When I was involved in bird research projects, I would usually be up and arriving at the research site in the pre-dawn twilight to set up our equipment. One of the best things about having to get up so early – okay, the only thing – is that you would get to enjoy the sunrise every day (on those days where the sky wasn’t clouded over, anyway). I have some beautiful sunrise photos from that period. Pinks seem to predominate, though I have a number of striking oranges and reds, as well.
I was mildly disappointed that our new house faced east, such that we wouldn’t see the sunsets across the water, because I did really enjoy watching the colours of the sky. I knew that I was unlikely to be up often enough, at least in the summer and fall, to catch the morning sunrise that we would be able to see from our deck, but I am always up for sunset. I used to admire some that we would see from the apartment in Toronto, but would never take a photo. It just wasn’t an ideal setting, with all the buildings and power lines and everything else in the way.
I guess I hadn’t expected to be out in the boat so often here, or out so late. But some of the best fishing can be had at dusk, so we’ve frequently gone out just after dinner and stayed out till after the sun has gone down, navigating our return by the silhouettes of the trees and the reflection of the water, and tracking our location by the illuminated houses of our neighbours.
I think the best sunrise and sunset photos are those taken across water. It has the dual advantage of a large open space to give you a better view of the sky, as well as the reflective properties of the water that replicate the colours below. Since I’ve been fishing for the smaller guys, using jigs instead of cast-out lures, I really prefer to fish during the daylight hours; early morning is my favourite, when the lake is still and quiet, though it unfortunately requires setting the alarm to be sure I’m up. It’s easier to go out in the evening, you’re up anyway. My favourite part of being out late, after I can’t see my lure in the water anymore, is watching the sun go down and the sky light up.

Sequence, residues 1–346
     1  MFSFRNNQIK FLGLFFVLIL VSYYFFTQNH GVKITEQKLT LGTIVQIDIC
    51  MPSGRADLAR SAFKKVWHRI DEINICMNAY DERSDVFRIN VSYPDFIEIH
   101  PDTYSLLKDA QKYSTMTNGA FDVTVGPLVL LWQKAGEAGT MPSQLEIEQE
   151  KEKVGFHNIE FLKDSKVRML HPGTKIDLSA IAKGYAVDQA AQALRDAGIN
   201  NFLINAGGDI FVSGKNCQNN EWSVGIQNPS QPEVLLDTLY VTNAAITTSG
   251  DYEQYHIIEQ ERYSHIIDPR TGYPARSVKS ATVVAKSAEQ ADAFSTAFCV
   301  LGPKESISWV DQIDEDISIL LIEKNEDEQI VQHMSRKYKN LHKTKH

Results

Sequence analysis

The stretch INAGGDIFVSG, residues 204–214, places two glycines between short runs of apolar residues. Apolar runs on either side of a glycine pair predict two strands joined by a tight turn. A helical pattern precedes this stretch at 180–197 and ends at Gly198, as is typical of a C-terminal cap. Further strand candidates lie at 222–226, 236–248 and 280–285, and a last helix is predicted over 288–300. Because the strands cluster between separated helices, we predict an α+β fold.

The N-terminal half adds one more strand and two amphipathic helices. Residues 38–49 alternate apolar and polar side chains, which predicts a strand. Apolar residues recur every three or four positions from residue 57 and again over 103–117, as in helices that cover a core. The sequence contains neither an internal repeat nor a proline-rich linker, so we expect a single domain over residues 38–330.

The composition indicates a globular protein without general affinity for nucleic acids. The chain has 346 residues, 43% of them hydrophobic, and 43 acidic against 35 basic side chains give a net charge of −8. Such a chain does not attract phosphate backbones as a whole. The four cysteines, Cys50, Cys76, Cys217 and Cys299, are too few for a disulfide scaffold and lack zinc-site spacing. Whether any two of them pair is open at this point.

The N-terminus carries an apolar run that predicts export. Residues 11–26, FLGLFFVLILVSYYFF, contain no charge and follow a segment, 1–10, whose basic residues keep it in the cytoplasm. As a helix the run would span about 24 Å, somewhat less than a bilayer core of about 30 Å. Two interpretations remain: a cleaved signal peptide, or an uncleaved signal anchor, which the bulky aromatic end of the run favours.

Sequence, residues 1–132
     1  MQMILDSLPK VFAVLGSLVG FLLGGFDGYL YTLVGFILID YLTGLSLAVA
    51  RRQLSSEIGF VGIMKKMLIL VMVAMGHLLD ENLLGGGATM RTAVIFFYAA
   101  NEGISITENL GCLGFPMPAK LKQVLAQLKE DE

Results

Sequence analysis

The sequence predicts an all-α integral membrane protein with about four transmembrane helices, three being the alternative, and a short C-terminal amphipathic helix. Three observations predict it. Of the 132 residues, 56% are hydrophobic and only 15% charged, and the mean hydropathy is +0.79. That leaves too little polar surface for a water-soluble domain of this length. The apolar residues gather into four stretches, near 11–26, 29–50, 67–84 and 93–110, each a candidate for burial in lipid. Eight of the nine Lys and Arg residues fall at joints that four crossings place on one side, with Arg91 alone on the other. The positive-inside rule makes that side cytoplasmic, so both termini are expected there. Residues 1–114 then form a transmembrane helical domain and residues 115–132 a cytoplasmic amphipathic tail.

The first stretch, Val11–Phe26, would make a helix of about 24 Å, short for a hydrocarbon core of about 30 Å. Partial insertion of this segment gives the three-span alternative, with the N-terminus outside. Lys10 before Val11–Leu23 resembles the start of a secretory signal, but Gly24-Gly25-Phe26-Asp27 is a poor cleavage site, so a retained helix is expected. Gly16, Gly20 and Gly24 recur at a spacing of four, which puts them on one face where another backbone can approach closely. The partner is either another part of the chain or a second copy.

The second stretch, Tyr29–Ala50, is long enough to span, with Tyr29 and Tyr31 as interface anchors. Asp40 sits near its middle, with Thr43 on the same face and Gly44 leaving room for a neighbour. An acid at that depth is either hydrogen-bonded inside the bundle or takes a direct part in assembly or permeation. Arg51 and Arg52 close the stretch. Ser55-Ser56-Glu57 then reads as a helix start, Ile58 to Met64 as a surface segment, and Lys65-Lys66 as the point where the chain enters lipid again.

The reason that the sky isn’t just the usual blue during sunrise and set is because of the angle the sun’s rays are traveling through the atmosphere at. If you move six hours east (in the case of sunrise) or west (for sunset), the sky will be blue under the sun there. It’s the same sun, just the angle has changed. At all angles, the light waves are encountering particles in the atmosphere, and are breaking up into their different components and scattering. The ones that head down to the ground are in the blue spectrum, which is why the sky looks blue. The reds and oranges get scattered sideways. At the very acute angles that the sun’s rays are viewed when the sun is near the horizon, it’s these reds and oranges that reach our eyes.